Europe’s most powerful supercomputer Piz Daint is being upgraded, a move that is expected to at least double its computing power. ETH Zurich is investing around CHF 40 million to allow researchers to perform simulations, data analyses and visualizations even more efficiently in the future. Although slightly reduced in physical size, Piz Daint will become considerably more powerful as a result of the upgrade, particularly because we will be able to significantly increase bandwidth in the most important areas,” says CSCS Director Thomas Schulthess.
Today Cray announced a contract to upgrade the supercomputers at Germany’s National Meteorological Service – the Deutscher Wetterdienst (DWD). Located in Offenbach, Germany, DWD is one of the world’s premier numerical weather prediction centers. “Supercomputers are absolutely vital to our mission of providing important meteorological services for the protection of life and property,” said. Dr. Jochen Dibbern, Member of the Executive Board at DWD. “Our Cray supercomputers are critical tools for our researchers and scientists, and it’s imperative that we equip our users with highly advanced supercomputing technologies.”
Michele de Lorenzi from the Swiss National Supercomputing Centre presented this talk at the 2016 HPC Advisory Council Switzerland Conference. “Founded in 1991, CSCS, the Swiss National Supercomputing Centre, develops and provides the key supercomputing capabilities required to solve important problems to science and/or society. The centre enables world-class research with a scientific user lab that is available to domestic and international researchers through a transparent, peer-reviewed allocation process. CSCS’s resources are open to academia, and are available as well to users from industry and the business sector. The centre is operated by ETH Zurich and is located in Lugano.”
This visualization from CSCS in Switzerland shows the world’s smallest integrated switch. “Researchers working under Juerg Leuthold, Professor of Photonics and Communications at ETH Zurich, have created the world’s smallest integrated optical switch. Applying a small voltage causes an atom to relocate, turning the switch on or off. ETH Professor Mathieu Luisier, who participated in this study, simulated the system using Piz Daint Supercomputer. The component operates at the level of individual atoms. “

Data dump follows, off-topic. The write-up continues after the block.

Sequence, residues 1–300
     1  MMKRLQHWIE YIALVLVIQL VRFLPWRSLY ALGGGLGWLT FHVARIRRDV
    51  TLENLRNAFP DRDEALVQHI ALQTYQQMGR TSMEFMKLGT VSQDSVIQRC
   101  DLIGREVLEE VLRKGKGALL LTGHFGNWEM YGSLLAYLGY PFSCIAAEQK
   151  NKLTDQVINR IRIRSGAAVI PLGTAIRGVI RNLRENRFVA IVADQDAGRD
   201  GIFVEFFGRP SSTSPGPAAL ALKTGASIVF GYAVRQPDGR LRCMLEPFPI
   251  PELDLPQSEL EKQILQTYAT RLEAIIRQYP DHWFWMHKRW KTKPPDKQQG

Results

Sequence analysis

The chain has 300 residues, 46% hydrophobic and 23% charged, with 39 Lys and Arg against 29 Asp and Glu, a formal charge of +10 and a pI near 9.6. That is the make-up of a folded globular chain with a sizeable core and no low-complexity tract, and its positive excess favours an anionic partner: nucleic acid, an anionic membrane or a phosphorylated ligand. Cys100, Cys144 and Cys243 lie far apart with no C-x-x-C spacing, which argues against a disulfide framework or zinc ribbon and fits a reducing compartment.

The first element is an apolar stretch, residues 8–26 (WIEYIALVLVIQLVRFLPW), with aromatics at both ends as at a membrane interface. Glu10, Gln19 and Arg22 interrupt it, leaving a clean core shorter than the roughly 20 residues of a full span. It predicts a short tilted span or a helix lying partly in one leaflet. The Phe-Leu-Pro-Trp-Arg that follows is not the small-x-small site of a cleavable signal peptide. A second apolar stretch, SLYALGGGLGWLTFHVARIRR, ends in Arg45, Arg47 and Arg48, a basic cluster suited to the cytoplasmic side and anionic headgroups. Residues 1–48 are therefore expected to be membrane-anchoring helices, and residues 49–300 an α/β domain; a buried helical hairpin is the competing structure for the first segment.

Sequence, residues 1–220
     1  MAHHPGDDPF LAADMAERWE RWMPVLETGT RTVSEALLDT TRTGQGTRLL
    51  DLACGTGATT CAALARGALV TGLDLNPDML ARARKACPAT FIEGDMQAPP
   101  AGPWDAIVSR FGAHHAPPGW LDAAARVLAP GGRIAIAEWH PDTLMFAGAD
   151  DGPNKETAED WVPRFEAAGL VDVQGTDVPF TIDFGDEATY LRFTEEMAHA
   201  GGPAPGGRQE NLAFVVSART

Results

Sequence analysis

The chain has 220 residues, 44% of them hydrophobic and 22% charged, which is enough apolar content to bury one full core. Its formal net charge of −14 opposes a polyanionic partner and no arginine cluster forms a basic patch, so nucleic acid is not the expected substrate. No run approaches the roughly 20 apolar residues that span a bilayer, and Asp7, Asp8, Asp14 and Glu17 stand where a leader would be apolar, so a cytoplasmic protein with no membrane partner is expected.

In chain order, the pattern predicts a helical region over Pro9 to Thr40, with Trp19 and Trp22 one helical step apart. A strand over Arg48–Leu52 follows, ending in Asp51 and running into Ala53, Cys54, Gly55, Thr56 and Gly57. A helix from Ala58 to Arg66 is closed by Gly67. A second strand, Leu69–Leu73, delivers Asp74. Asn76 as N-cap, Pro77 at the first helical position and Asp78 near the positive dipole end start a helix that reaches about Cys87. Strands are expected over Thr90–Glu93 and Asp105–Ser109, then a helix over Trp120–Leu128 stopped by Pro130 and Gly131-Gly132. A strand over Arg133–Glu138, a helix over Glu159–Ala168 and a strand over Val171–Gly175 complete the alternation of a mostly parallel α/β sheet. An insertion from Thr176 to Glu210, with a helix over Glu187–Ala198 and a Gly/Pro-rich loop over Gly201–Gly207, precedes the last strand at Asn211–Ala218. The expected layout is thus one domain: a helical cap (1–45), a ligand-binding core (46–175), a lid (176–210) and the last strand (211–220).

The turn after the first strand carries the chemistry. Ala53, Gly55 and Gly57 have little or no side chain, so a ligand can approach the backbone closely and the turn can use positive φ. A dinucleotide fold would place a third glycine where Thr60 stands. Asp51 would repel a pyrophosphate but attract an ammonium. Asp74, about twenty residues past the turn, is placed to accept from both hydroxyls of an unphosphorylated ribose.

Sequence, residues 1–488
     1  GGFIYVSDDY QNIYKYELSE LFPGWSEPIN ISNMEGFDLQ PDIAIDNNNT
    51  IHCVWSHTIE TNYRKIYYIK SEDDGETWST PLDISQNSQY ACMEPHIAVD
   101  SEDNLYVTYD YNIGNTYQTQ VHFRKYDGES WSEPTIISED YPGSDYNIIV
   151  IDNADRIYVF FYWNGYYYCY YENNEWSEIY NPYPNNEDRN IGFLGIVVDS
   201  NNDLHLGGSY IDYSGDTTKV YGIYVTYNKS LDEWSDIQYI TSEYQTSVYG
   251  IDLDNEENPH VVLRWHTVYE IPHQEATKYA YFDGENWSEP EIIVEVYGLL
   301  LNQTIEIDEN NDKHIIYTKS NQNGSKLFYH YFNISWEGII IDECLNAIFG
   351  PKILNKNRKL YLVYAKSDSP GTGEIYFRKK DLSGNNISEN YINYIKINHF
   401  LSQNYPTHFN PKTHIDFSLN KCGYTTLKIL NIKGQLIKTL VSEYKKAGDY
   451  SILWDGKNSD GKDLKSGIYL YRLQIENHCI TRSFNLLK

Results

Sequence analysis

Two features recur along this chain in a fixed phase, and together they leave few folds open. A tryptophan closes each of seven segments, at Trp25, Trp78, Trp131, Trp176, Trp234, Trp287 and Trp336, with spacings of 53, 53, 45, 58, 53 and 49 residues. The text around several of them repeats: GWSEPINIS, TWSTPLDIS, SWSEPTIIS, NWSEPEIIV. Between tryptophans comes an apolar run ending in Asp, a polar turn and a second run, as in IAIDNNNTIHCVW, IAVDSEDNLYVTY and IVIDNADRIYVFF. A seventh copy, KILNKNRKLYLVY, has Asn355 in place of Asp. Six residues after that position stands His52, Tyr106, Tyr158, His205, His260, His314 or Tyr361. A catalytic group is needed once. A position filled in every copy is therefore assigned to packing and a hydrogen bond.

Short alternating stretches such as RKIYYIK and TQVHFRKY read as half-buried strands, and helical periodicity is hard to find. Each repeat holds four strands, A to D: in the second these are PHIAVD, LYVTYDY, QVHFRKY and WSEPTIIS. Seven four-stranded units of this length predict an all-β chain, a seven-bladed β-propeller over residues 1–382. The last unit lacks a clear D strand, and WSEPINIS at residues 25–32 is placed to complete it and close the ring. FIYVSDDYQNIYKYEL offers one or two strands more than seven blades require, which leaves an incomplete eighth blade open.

Thomas Schulthess from CSCS presented this talk at the Nvidia booth at SC15. “On October 1, 2015 “Piz Kesch”, a Cray CS-Storm system with NVIDIA K80 GPUs became operational at CSCS on behalf of MeteoSwiss. In this talk, we will discuss the hardware-software co-design project behind this most cost and energy efficient system for numerical weather prediction.”
The HPC Advisory Council Switzerland Conference 2016 has announced their Call for Participation. Hosted by the Swiss National Supercomputing Centre, the event will take place in Lugano, Switzerland March 21-23, 2016.
Today Cray announced that the Swiss National Supercomputing Centre (CSCS) has installed a Cray CS-Storm cluster supercomputer to power the operational numerical weather forecasts run by the Swiss Federal Office of Meteorology and Climatology (MeteoSwiss). This is the first time a GPU-accelerated supercomputer has been used to run production numerical weather models for a major national weather service.
In this video from ISC 2015, Michele De Lorenzi sits down with Rich Brueckner from insideHPC to discuss the latest updates from the conference and how the CSCS booth is constructed to reflect Switzerland’s focus on sustainability.
Today Allinea Software released details on partnership that is helping scientists in research and industry to exploit Piz Daint – Europe’s most powerful supercomputer.
“The Swiss National Supercomputing Centre (CSCS) offers a range of computing and storage services to Swiss and international research communities. These services are provisioned by an array of solutions including leading edge Cray XC40 and hybrid XC30 systems, commodity clusters, files systems such as Lustre and site-wide GPFS storage as well as centre-wide Ethernet and InfiniBand networks.”